- The Washington Times - Thursday, January 1, 2009

— When Virginia Tech coach Frank Beamer looks at Cincinnati, he might as well be seeing a years-old reflection in a mirror.

Not long ago, Beamer’s Hokies were exactly what the Bearcats are now: surging, surprising, emerging from relative obscurity to stand on the cusp of greatness.

So Beamer knows what players and coaches for No. 12 Cincinnati (11-2) will feel Thursday when they face No. 21 Virginia Tech (9-4) in the Orange Bowl - the biggest game the Big East champion Bearcats have ever played.

“You see this program, the state they’re in, Ohio, great football. Now they’re with a great conference,” Beamer said. “You just see it taking off. I think it’s a very, very good coaching staff, so yeah, I think this is just the start of things for Cincinnati.”

His chore: finding a way to slow that start, at least for one night.

There are plenty of reasons why Virginia Tech - which lost this game to Kansas last year - is aching to win the Orange Bowl. The Hokies would join Southern Cal and Texas as the only major-college teams to win 10 games each of the past five seasons, plus end the ACC’s eight-game losing streak in Bowl Championship Series matchups.

But Beamer knows the only way to do that is to match Cincinnati’s hunger - a drive his team felt when making its big-time bowl debut in 1995, topping Texas in the Sugar Bowl. That game vaulted the Hokies into the spotlight, and they haven’t left since. Cincinnati surely would love to emulate that run.

“They remind me now of how we were then,” Beamer said.

Cincinnati coach Brian Kelly obviously takes that as a compliment. Kelly is steadfast that merely getting to this stage doesn’t satisfy his team, which was picked fifth in the Big East’s preseason poll and didn’t receive any of the 24 first-place votes in that balloting. The Bearcats used five quarterbacks this year, got blown out at Oklahoma and Connecticut, and then put together six straight wins to cap a stirring run to Miami.

“Winning a Big East championship and getting here obviously gets you a lot of momentum,” Kelly said. “But that’s not enough for me, personally, professionally, and I believe that’s not enough for our football team. We like to play and we like to win. So winning the game, for us, it’s in our DNA.”

The matchup seems like a strength-against-strength scenario: Virginia Tech’s defense against Cincinnati’s offense.

Cincinnati has piled up 375 yards and 27 points a game this year and has been remarkably consistent, scoring between 24 and 30 points in every outing during this six-game winning streak.

“I know we haven’t seen a defense as good as Virginia Tech,” said Tony Pike, the Cincinnati starting quarterback who wasn’t even on the three-deep depth chart to open the year, yet took over after a rash of injuries and become the Bearcats’ budding star.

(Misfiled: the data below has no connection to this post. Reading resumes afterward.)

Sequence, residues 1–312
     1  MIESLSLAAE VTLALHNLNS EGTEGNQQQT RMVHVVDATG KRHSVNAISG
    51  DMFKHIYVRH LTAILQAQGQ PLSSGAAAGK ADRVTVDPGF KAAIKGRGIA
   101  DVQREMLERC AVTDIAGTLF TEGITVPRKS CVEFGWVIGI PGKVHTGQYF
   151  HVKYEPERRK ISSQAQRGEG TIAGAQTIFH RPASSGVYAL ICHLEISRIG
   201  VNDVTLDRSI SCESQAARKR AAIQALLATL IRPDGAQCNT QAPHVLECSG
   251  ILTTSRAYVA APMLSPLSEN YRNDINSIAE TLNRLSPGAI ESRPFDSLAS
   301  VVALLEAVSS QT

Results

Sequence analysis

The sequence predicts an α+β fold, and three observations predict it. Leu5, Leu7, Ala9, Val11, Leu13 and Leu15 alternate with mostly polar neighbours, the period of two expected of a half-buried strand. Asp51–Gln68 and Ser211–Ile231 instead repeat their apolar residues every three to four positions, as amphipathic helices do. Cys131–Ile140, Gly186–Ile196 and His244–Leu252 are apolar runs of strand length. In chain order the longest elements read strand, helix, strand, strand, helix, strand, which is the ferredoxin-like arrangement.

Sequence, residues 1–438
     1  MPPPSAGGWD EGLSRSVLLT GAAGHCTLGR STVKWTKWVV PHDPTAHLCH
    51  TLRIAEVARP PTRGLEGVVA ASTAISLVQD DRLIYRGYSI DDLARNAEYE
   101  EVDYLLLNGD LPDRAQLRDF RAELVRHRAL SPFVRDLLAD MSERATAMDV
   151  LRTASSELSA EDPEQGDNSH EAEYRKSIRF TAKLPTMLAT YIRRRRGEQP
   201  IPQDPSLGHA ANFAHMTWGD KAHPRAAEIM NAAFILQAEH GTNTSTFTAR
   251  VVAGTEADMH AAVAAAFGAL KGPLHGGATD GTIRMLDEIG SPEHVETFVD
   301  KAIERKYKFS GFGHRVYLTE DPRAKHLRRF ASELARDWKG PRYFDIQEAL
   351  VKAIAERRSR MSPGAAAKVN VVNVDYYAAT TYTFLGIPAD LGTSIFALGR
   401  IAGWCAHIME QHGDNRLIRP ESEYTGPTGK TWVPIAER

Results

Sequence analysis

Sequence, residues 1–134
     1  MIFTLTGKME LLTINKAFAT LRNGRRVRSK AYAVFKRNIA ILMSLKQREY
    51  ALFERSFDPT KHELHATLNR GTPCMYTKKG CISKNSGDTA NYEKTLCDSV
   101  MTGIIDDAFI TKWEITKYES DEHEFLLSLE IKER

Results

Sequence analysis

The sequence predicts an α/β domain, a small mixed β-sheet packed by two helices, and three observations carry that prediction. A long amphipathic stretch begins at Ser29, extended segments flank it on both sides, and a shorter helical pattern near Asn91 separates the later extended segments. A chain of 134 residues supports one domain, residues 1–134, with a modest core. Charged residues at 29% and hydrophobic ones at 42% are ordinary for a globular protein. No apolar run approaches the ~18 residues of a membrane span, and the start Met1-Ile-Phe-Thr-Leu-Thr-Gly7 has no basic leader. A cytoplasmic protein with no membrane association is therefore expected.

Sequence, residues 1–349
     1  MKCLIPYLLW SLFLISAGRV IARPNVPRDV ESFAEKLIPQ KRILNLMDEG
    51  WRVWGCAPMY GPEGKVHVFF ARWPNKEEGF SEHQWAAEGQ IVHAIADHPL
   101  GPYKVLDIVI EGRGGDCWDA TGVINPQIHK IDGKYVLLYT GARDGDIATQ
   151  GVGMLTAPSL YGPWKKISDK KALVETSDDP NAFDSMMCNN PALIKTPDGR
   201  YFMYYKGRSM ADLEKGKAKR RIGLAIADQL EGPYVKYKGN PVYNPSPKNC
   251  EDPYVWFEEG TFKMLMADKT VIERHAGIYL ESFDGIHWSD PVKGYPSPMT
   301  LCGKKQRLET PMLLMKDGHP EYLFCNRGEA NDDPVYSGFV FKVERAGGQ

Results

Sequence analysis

There’s no arguing that the Hokies are good - and surprisingly so, perhaps. The two-time defending ACC champions lost a slew of players from last year’s defense and moved two other returning starters, including top cornerback Victor “Macho” Harris, to new positions. In short, even the Hokies will acknowledge that they didn’t expect these kind of results.

Virginia Tech was seventh nationally in yards allowed (277 a game), 13th in scoring defense (17.0), and got back to the BCS even though its offense was - statistically, anyway - one of the least potent at the major-college level.

“Everything happens for a reason, and everything that happened to us, it was for a reason,” Harris said. “The younger guys, they’re doing a great job of just following the lead, not folding under pressure, and basically we’re here for a reason.”

So, too, is Cincinnati. Winning this game could enable the Bearcats to finish the season ranked in the top 10, provide a huge boost to recruiting and further remind football-crazed Ohio that the program is quickly on the rise.

But further, it would put Cincinnati on the path that Virginia Tech was on 14 years ago. Kelly, who insists he has no interest in other jobs and wants to build the Bearcats into a power, points to what Beamer has done, with 16 straight bowl appearances and annual visits to the national spotlight, as the model he’d like to follow.

Hoisting that bowl of oranges Thursday night would be a big step toward getting there.

“One win or loss won’t take away from the work,” Kelly said. “It’s winning. Winning changes perceptions, [and] 21 wins over the past two years is a good start. … So this is a journey. This is a process for us. We think we’ve made great strides.

“There’s a long road ahead of us that we’ll have to continue to work on.”

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